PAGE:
“I feel like a local today,” my husband said to me as we walked to the local cafe we had been to the previous day. We didn’t have to check directions on our phones, ask for help, look around helplessly. We knew where we were headed.
I wondered what it meant that he said he felt like a local. Of course, I thought, he meant that he felt like a person who knew where they were going. He wasn’t lost or unsure. His sense of direction had finally clicked into place, landmarks had become familiar, Google Maps was no longer necessary.
But what was more interesting than the thing he said was the way he said it. It came out with a broad smile, which seemed incredibly out of place in retrospect. We were huddled together under a single umbrella that turned inside-out with every gust of rainy wind that swept underneath it.
But together, we splashed through puddles in our sturdy boots, hurried confidently across streets even when the street signs told us not to.
He was right. This was as close to feeling like a couple of locals as we had come the entire trip. It was fun.
After our usual coffee and pastry (we’ve been here a week), he headed off to the Metro to his company’s Paris office near the Louvre and I stayed in the cafe avoiding the rain. Soon, I braved the rain alone, wandering with some purpose but not much, phone out every few blocks, backtracking and circling around to find this or that museum or this or that cafe, I realized my localness had faded.
I reflected on this as I allowed myself to gawk at towering Parisian facades, traipse through gardens and plazas that were out of the way just because they were cute. I was back to playing the tourist, yes, but the streets were empty, and surely the frequent glances at my digital map could have been easily mistaken for incoming texts from hoards of Parisian friends asking about my plans were for the weekend while they stood outside their offices having a smoke.
Ducking into another cafe — this one more familiar with its simple, Brooklyn-coffee-shop vibe — it was still bugging me. Surely, there’s a reason we travel with the idea of seeming like a local, but where does that come from? What is the purpose of wanting to blend in with others, and why do we strive for that?
I wondered if it was an American-ism, a sort of backlash to oppose the embarrassing stereotypes we seem to carry with us around Europe — we’re loud and brash and impolite. Maybe, I thought, the desire to slip into Parisian life is the desire to go unnoticed, to hide the embarrassing parts of Americanness.
Along the same lines, I reasoned, we’re disappointed when we hear other Americans, or any other tourists for that matter, chattering away at tables next to us at the hyper-local restaurant we found on Yelp or Eater or the New York Times. We’re occupied with getting an authentic experience, and we don’t want our foreign presence to shape that experience. We want the real Paris.
But are we not inextricably linked to the experience we’re having, at all times? Are the Parisian facades not considered beautiful because there are people there to gawk at them, whether we’re local or not? Otherwise, what was the point of making such attractive things? As the third-most visited city in the world, this is certainly a place where tourists are woven into the cultural tapestry in Paris.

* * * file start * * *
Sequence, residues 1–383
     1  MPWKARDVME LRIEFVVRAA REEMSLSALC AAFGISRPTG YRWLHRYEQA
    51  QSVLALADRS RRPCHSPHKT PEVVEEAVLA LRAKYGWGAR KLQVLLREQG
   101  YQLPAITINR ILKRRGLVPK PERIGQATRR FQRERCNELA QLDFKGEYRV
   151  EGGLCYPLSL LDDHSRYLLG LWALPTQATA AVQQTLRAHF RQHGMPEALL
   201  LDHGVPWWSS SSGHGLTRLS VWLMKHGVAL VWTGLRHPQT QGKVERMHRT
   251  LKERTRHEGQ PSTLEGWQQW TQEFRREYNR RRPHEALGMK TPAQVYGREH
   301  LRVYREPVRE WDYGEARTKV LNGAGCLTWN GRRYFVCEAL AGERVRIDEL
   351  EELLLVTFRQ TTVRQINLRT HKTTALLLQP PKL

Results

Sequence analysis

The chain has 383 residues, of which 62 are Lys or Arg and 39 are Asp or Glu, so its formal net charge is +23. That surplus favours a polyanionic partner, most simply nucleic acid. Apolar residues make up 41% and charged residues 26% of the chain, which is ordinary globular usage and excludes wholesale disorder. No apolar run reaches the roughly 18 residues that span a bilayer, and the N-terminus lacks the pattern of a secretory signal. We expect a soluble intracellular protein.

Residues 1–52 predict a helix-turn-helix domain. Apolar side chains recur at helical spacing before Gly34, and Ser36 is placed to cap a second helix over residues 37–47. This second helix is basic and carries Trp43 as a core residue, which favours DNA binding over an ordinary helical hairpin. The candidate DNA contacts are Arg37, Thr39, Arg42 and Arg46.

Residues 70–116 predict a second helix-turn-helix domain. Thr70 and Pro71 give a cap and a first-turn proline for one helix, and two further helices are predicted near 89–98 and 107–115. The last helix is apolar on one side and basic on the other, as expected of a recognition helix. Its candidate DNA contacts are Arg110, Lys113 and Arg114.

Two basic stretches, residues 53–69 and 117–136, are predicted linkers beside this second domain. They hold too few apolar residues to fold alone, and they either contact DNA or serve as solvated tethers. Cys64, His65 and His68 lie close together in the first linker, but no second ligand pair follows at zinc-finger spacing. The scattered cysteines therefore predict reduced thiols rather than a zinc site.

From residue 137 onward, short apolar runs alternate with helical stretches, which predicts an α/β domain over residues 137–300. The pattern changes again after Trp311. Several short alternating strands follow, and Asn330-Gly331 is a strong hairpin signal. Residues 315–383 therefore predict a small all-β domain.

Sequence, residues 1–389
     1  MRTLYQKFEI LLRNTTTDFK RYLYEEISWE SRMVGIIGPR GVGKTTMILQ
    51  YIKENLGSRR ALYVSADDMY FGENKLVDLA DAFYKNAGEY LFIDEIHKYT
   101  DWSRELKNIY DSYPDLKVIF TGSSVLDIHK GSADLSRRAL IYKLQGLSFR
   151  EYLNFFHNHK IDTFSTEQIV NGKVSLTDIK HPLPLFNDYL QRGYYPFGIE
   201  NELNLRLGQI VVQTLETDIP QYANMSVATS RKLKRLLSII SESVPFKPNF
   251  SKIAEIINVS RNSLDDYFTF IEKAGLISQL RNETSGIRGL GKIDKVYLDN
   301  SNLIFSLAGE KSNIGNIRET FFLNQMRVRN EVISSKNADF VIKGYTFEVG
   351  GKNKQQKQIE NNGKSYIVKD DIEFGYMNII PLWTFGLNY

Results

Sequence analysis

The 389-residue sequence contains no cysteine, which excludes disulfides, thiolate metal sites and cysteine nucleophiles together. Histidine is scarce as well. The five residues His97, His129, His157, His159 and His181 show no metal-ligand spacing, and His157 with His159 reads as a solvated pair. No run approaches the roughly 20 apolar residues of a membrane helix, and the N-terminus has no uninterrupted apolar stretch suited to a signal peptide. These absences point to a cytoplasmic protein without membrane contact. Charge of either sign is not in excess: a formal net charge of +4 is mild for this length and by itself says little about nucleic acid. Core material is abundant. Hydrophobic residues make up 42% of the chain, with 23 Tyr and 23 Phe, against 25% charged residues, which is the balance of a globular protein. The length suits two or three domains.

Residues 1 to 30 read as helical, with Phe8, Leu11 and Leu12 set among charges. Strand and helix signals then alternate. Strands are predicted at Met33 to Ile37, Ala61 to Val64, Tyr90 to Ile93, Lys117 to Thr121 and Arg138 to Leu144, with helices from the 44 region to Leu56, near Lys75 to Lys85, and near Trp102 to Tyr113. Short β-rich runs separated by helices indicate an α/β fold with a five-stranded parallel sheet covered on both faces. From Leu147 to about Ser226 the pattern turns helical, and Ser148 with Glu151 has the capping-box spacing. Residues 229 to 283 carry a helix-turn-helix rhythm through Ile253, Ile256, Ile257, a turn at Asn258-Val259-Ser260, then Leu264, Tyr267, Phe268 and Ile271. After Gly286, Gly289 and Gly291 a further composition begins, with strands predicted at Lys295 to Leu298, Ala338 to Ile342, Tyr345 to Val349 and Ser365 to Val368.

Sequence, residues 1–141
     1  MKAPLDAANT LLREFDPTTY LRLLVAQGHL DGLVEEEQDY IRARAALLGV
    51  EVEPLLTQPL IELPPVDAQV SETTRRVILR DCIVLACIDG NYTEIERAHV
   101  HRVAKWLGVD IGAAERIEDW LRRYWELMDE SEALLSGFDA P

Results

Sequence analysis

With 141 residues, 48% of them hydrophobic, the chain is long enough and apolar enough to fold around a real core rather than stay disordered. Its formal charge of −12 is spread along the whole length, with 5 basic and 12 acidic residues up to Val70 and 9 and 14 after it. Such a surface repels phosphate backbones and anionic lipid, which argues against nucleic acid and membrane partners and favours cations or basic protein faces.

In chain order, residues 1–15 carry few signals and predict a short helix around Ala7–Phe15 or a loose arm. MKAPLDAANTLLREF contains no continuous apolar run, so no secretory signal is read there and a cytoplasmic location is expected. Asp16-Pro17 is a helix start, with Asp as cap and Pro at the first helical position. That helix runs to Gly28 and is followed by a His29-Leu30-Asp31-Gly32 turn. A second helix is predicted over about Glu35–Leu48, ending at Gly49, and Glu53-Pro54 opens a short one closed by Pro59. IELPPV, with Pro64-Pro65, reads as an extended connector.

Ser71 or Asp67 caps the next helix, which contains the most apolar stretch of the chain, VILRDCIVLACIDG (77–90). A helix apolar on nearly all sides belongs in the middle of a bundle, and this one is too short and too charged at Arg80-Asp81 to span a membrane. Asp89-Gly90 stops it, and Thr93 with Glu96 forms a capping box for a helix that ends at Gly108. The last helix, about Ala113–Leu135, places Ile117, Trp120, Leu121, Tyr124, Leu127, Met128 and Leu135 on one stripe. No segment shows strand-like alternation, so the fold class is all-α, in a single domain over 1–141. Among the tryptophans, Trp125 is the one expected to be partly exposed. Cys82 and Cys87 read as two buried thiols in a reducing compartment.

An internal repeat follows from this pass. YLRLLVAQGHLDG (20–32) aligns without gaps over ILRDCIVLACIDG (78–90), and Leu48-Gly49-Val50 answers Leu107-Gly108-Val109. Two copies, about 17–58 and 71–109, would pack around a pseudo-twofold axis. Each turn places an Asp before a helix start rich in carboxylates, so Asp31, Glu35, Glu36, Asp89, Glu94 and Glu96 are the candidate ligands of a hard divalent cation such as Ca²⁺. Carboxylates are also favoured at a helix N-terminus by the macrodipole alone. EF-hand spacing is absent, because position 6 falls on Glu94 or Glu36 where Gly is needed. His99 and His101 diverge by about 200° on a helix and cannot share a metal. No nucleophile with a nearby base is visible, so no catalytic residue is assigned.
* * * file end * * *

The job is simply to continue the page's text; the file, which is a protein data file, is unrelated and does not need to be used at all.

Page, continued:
But these questions bring me to my point: We don’t travel just to look at things. We travel to feel things. More specifically, we travel to feel different things than we’re used to. We go places and we imagine life a different way. We imagine what it would be like if we lived here for real.
Of course, of course, the real deal would be different. We know it wouldn’t be what we imagined if we had to commute to work with throngs of people (many of them tourists, ugh), sit at a desk all day, visit our parents on the weekends and contemplate the cost of our rent every month.
But that’s what makes traveling — being a tourist — so unique. It’s this full exploration of our imagination. It’s grown-up playtime. We think about being a local, but the magic is in the dream itself — just like the magic we feel when we think about what life would be like if we lived 100 years ago or under the ocean or on Mars.
We walk around the streets of Paris with our imaginative brains on fire.
And we’re allowed to do that when we’re tourists. When we’re visiting a place, as opposed to becoming part of its human architecture, we are outsiders. Being an outsider allows us to pretend, to create our own ideas about what it’s like in Paris.
Being an insider, on the other hand, means we wouldn’t be exercising our imagination as much. When “that gorgeous building” becomes our workplace or “that cute cafe” has way too many tourists at lunchtime, they become less abstract and more real. Our practical brains take over, tells us how things really are, and play diminishes.
So, by extension, when we’re taking in new sights, sounds, cultures, ideas, smells, and everything that goes along with traveling to a new place, we’re actually doing creative work.
Traveling evokes creativity, allows us to act like children and forget our very adult, practical responsibilities waiting for us at home. It’s a privilege to be able to experience this, so next time I wish I looked more like a local, I just have to remember, it’s the wishing that has the magic.
Once we become truly local, Paris could turn out to be something else entirely: It could turn out to be real.